Eli Lilly could be facing generic competition far sooner than expected for Strattera, after a US court ruled that a key patent on the attention deficit hyperactivity disorder treatment is invalid.
A court for the District of New Jersey has ruled against the company in its litigation with generic drugmaker Actavis over the validity of Lilly's '590, or method-of-use, patent on Strattera (atomoxetine). It had been set to expire in May 2017 and Lilly now says that as a result of the court decision it anticipates “the near-term entry of generic atomoxetine in the US market”.
Robert Armitage, general counsel for Lilly, said that “we disagree profoundly with the District Court's ruling and will appeal this decision”. He claimed that the judge “did not apply what we believe has been long-settled law on the legal issue of enablement. We will take every reasonable step to protect our intellectual property rights”.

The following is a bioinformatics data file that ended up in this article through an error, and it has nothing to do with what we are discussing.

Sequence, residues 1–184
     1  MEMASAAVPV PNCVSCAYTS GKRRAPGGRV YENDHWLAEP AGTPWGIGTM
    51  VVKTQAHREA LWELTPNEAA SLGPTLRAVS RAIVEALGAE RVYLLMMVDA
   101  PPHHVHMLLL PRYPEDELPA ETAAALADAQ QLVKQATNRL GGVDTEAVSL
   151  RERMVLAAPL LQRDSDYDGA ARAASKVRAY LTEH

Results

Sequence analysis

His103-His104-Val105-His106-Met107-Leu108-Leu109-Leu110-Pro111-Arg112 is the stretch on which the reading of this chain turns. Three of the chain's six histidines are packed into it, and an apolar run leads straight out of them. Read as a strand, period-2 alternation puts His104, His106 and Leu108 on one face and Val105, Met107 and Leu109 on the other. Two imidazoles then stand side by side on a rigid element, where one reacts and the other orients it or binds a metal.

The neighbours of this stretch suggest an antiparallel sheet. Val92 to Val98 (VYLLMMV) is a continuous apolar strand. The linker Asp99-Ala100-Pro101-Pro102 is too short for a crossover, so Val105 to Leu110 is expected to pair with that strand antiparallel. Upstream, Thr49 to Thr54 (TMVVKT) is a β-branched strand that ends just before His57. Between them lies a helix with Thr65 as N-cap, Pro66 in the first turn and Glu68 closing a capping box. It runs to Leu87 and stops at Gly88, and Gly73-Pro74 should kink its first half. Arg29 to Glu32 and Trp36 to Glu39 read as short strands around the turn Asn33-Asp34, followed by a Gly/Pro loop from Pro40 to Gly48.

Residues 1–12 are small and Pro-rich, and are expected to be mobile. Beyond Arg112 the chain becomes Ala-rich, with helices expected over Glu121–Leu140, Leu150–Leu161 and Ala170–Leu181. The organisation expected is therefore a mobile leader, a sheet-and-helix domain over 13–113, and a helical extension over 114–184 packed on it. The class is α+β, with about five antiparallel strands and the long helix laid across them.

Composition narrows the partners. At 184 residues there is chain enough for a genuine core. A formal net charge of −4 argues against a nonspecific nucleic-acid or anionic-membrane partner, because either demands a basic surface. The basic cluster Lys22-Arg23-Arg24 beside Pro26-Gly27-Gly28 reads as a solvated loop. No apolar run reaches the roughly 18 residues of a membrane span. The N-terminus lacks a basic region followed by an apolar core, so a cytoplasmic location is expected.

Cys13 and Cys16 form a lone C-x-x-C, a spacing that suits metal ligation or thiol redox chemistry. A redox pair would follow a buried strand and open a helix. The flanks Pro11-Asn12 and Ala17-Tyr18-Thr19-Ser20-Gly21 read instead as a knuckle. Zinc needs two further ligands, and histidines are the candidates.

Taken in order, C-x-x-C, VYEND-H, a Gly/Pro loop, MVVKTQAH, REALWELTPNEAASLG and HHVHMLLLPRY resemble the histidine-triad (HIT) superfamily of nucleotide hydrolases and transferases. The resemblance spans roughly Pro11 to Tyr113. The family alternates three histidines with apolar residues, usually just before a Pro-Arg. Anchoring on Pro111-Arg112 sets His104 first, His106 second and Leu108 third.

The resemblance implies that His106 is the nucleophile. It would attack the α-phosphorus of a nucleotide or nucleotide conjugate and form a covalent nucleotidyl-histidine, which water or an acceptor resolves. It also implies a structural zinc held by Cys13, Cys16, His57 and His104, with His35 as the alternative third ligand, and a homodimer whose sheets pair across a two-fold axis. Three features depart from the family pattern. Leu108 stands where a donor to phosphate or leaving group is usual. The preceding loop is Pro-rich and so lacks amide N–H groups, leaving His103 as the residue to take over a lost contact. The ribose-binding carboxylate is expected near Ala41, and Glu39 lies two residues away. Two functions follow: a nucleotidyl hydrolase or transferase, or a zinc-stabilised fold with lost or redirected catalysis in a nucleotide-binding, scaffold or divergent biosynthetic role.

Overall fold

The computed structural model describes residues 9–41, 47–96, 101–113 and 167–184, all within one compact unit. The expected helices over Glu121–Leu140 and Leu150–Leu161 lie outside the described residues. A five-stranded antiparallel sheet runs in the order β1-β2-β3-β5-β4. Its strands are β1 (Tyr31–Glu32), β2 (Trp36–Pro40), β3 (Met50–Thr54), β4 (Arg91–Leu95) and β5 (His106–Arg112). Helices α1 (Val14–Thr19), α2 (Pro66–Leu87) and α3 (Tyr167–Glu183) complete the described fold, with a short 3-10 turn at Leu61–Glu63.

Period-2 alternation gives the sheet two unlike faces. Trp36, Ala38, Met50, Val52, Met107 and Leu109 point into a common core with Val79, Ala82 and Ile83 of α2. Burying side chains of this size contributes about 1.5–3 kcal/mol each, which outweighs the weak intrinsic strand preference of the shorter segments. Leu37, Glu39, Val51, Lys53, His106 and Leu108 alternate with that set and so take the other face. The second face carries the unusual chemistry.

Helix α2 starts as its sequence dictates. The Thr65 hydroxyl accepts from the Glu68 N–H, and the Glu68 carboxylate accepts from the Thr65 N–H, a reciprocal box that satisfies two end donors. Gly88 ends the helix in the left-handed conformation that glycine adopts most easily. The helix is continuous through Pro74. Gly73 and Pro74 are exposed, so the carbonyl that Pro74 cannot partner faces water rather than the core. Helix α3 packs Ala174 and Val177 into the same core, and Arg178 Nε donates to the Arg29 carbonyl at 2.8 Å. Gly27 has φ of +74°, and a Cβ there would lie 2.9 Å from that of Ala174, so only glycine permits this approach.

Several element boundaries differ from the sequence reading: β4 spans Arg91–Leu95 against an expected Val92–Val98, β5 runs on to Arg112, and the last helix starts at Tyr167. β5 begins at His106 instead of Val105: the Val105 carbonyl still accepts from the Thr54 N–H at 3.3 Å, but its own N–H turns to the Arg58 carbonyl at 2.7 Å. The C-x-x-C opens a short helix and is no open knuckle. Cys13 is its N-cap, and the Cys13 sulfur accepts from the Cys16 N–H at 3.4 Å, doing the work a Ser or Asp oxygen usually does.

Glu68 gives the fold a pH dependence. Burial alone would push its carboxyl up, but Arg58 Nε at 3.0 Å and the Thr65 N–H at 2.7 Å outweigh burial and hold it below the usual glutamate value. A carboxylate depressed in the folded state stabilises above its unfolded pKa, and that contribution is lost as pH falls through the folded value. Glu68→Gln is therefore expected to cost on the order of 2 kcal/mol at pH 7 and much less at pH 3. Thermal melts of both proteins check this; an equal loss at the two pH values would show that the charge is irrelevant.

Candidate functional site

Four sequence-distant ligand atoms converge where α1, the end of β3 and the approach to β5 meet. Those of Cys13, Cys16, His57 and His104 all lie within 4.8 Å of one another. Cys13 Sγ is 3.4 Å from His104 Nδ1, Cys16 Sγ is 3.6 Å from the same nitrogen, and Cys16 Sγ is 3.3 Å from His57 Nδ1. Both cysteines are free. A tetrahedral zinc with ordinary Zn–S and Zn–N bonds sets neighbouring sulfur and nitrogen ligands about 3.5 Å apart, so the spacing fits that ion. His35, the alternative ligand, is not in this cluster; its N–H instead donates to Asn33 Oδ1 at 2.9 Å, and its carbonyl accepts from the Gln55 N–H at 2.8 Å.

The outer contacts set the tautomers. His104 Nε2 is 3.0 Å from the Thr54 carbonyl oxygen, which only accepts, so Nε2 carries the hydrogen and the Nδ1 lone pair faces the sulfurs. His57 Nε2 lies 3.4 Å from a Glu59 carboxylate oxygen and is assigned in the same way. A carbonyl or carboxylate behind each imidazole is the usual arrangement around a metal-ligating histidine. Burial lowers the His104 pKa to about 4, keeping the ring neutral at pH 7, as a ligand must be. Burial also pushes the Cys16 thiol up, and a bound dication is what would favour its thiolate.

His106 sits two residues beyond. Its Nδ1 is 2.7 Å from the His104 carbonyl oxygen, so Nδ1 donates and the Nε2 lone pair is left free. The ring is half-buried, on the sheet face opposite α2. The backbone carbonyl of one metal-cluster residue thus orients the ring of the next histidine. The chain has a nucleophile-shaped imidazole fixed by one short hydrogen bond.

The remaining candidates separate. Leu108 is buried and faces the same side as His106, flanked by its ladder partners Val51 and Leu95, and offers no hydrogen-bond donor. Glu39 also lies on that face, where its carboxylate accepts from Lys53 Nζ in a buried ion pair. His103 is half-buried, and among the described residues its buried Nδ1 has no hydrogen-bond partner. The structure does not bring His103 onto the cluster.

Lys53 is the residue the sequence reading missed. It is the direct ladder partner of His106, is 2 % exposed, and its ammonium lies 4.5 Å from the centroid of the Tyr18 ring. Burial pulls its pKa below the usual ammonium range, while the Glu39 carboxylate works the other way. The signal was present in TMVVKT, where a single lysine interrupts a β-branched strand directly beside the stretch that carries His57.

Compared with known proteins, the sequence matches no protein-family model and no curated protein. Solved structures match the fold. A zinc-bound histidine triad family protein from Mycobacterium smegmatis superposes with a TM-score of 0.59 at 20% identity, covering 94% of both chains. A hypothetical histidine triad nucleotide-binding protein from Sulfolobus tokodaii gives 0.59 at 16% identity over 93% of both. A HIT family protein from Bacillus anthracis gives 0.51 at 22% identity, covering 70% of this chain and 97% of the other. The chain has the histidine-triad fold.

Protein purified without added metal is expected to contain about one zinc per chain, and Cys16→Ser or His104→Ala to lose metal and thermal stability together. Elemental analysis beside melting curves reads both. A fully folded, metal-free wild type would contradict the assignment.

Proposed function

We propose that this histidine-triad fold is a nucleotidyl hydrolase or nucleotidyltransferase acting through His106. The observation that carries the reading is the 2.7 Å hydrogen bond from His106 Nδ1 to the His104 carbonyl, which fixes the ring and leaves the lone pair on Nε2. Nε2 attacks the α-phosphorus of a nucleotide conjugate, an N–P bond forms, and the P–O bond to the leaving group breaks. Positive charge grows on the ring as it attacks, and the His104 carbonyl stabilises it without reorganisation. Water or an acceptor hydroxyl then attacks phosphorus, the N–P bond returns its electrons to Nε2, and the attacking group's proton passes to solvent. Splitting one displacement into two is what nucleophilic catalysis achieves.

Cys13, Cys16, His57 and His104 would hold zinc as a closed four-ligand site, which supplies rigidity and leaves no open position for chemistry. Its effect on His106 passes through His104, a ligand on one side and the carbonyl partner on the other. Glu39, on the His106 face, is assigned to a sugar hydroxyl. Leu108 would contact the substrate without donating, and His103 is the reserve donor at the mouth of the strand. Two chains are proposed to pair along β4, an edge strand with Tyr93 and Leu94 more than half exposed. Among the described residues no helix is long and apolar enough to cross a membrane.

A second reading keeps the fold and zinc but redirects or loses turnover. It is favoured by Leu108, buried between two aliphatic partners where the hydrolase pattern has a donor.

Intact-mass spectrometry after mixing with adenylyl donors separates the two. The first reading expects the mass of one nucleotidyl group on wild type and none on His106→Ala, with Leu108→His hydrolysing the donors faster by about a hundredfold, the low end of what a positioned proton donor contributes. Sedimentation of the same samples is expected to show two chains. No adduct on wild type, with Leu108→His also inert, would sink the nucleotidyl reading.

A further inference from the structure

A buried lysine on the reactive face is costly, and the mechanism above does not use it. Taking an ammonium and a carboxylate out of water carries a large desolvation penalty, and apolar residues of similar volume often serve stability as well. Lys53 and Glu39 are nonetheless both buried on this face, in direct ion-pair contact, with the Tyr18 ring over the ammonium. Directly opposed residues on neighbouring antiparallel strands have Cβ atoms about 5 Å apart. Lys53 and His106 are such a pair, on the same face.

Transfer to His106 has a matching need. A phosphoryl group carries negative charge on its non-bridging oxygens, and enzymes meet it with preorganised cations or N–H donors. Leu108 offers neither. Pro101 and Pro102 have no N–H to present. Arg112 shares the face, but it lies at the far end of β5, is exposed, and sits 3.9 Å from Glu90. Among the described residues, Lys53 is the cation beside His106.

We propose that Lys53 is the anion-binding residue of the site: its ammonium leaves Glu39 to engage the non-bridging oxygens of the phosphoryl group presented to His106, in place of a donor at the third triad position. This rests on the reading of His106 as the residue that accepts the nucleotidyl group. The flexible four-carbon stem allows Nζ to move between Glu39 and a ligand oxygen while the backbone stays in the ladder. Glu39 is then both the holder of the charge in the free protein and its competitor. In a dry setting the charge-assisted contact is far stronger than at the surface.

Strattera is a pretty big earner for Lilly and second-quarter sales climbed 6% to $142.8 million, The firm noted that the decision will not effect its current 2010 earnings per share guidance, lifted last month to $4.20-$4.30 from $4.00-$4.25, but turnover will be affected.
The company now expects revenue growth in the low-to-mid single digits, a reduction from its prior forecast of mid-single digits. Chief executive John Lechleiter said that “assuming a launch of a generic version of Strattera in the USA, the loss of revenue will undoubtedly add to the challenges we will face during upcoming patent expirations on other key products”.
He added that Lilly is taking “the actions necessary to meet these challenges, including lowering our cost structure by at least $1 billion by the end of 2011 and reducing our full-time workforce”. As a result, he added that “we still expect to generate sufficient cash flow in the coming years to fund R&D, make necessary capital investments and to pursue anticipated business development opportunities”.
Dr Lechleiter concluded by saying that “we do not intend to deviate from our plan to maintain our dividend at least at its current level”, which will at least please investors.